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LAPD launches criminal investigation into racist leak at request of Martinez, De León, Cedillo

Los Angeles Police Chief Michel Moore announced Tuesday that his department has launched an investigation into the source of the leaked racist recordings that thrust City Hall into the national spotlight.

Speaking to reporters at a briefing, Moore confirmed the incident was being investigated by the department’s Major Crimes Division, the results of which would be presented to “the appropriate prosecuting agency” for possible criminal charges.

“The Department has opened a criminal investigation into the alleged eavesdropping of the Los Angeles Fed meeting involving then-Advisor Nury Martinez, Board Member Gil Cedillo, and Board Member Kevin de León and Fed Chairman Mr. [Ron] Herrera,” Moore said, referring to the Los Angeles County Federation of Labor.

On Tuesday, Moore said the department’s investigation was launched at the request of “people present at this meeting.” He was asked, “So Nury Martinez, Gil Cedillo, LA Fed President, and Kevin de León came to the LAPD and demanded an investigation into this.” Moore’s response: “Yes.” Late Tuesday, a spokesperson for De León said the council member had not requested an investigation.

“They contacted the department on Friday, last Friday, and asked us to investigate the illegal recording of their private conversation,” Moore said. “The department immediately dispatched detectives to conduct taped interviews with the individuals and our investigation will continue into the facts and circumstances of how the meeting occurred and information from the victims as to why they believe the recording was illegal and also including from them the assertion that it was not with their permission.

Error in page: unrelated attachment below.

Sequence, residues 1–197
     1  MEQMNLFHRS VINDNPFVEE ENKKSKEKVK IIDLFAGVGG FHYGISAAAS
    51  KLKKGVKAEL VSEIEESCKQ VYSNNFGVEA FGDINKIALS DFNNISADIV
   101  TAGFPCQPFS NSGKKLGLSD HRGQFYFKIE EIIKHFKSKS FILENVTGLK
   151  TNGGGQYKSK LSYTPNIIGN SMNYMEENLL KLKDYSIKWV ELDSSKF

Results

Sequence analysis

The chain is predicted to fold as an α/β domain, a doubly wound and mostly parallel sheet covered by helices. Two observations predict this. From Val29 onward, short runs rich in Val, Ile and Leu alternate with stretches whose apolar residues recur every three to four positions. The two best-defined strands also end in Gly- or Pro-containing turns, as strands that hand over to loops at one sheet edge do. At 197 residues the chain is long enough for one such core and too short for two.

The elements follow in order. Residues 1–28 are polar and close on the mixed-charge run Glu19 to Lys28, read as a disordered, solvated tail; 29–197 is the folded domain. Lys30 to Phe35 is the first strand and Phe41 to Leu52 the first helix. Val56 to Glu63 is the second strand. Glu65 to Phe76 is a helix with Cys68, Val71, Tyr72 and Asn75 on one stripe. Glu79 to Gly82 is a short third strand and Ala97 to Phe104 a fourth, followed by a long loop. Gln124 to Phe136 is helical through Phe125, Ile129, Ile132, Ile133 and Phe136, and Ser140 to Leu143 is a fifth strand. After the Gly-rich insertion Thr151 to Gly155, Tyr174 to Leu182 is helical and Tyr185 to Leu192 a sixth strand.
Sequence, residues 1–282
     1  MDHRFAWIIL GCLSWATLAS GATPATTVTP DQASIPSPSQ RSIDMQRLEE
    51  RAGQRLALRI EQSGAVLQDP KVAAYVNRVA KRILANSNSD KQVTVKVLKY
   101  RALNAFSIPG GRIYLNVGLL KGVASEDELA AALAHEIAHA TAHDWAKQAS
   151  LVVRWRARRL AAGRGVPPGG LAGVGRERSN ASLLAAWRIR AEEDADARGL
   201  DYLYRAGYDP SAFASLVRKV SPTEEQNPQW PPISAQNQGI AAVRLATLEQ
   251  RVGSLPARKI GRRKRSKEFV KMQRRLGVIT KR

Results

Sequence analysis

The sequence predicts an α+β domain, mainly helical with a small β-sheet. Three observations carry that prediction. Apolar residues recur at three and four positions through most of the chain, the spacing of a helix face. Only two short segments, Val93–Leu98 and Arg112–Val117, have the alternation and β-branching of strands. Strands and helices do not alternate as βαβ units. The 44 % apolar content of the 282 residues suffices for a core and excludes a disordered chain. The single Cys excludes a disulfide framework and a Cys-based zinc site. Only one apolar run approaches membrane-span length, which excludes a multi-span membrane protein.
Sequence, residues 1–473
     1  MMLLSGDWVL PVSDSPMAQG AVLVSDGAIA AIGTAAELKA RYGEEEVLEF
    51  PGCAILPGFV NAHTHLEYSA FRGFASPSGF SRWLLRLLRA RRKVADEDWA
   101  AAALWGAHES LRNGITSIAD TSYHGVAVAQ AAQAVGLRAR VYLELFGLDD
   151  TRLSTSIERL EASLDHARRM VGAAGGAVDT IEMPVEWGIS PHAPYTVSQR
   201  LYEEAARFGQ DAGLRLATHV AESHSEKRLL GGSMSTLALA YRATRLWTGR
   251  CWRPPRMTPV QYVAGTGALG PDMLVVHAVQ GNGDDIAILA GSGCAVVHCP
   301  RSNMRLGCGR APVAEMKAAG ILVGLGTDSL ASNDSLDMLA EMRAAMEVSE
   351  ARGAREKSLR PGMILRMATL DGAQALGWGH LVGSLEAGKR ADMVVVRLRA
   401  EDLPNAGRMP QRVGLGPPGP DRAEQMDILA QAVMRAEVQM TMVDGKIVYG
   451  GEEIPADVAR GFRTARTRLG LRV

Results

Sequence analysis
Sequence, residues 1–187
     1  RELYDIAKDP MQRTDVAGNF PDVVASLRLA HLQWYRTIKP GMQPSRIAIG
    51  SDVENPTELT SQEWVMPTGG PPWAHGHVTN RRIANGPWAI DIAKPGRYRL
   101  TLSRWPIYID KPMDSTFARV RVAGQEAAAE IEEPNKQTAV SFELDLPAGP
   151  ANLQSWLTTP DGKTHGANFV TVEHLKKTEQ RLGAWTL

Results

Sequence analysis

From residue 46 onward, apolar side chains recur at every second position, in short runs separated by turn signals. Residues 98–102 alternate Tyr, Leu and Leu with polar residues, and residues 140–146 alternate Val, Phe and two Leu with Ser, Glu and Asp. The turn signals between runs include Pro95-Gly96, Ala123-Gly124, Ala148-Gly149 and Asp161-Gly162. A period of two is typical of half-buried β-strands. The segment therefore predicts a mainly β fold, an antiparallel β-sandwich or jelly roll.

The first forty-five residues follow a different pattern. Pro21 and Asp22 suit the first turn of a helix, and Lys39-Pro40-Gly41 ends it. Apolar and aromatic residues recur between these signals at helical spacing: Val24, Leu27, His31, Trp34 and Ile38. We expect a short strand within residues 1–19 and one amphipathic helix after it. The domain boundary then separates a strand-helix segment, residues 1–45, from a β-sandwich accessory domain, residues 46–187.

The leaked recordings were met with near-universal condemnation, with President Biden’s leaders calling for the resignation of all three council members. So far, only Martinez has quit, while the other two city officials have resisted, despite mounting pressure. Herrera also resigned.

The LAPD investigation marks a reversal of sorts. Last week, the department said it was not investigating because no one had filed a report.

The recordings took place last year at the offices of the Federation of Labour, which called the leak “illegal” and vowed to prosecute those involved. After the recordings were posted on Reddit, the union attempted to block the Los Angeles Times from publishing the details of the audio, claiming they were obtained illegally. The Times refused to stop publishing.